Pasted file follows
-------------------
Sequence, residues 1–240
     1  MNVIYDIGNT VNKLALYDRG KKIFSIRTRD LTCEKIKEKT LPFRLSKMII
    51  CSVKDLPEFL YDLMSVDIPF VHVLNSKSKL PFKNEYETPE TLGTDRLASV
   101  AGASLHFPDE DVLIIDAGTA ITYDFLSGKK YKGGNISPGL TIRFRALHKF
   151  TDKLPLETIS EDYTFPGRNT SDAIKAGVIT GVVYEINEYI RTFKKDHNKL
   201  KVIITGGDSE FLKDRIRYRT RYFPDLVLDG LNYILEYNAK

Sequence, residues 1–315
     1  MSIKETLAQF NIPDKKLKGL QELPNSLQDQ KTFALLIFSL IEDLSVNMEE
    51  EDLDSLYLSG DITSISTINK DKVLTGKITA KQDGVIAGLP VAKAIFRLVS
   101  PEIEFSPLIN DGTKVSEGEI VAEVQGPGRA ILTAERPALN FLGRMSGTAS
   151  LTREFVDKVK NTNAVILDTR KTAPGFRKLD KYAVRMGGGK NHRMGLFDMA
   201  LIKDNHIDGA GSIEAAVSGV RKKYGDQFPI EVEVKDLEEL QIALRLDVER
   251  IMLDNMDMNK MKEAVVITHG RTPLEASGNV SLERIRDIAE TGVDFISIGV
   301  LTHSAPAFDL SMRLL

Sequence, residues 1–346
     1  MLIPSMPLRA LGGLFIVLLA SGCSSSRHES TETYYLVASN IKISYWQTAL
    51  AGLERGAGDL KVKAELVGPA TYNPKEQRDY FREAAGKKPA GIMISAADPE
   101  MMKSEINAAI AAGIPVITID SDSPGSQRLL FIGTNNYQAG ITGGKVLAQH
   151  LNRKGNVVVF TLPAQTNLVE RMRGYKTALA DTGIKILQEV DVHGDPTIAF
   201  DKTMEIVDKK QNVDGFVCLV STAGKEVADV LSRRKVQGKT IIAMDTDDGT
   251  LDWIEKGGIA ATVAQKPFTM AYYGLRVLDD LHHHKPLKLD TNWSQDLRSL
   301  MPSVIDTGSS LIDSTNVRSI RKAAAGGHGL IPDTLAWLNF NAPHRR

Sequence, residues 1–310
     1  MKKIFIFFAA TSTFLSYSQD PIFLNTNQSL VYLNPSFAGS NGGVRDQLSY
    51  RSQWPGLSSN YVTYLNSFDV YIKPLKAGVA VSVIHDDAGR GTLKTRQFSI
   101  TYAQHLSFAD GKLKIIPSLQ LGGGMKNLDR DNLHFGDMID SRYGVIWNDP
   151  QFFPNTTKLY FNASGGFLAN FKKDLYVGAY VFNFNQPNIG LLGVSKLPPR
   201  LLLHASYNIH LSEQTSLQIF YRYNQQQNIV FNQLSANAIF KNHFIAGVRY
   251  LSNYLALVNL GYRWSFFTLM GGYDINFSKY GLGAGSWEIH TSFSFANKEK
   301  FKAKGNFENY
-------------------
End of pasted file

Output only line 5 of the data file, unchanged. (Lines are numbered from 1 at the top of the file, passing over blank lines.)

   151  TDKLPLETIS EDYTFPGRNT SDAIKAGVIT GVVYEINEYI RTFKKDHNKL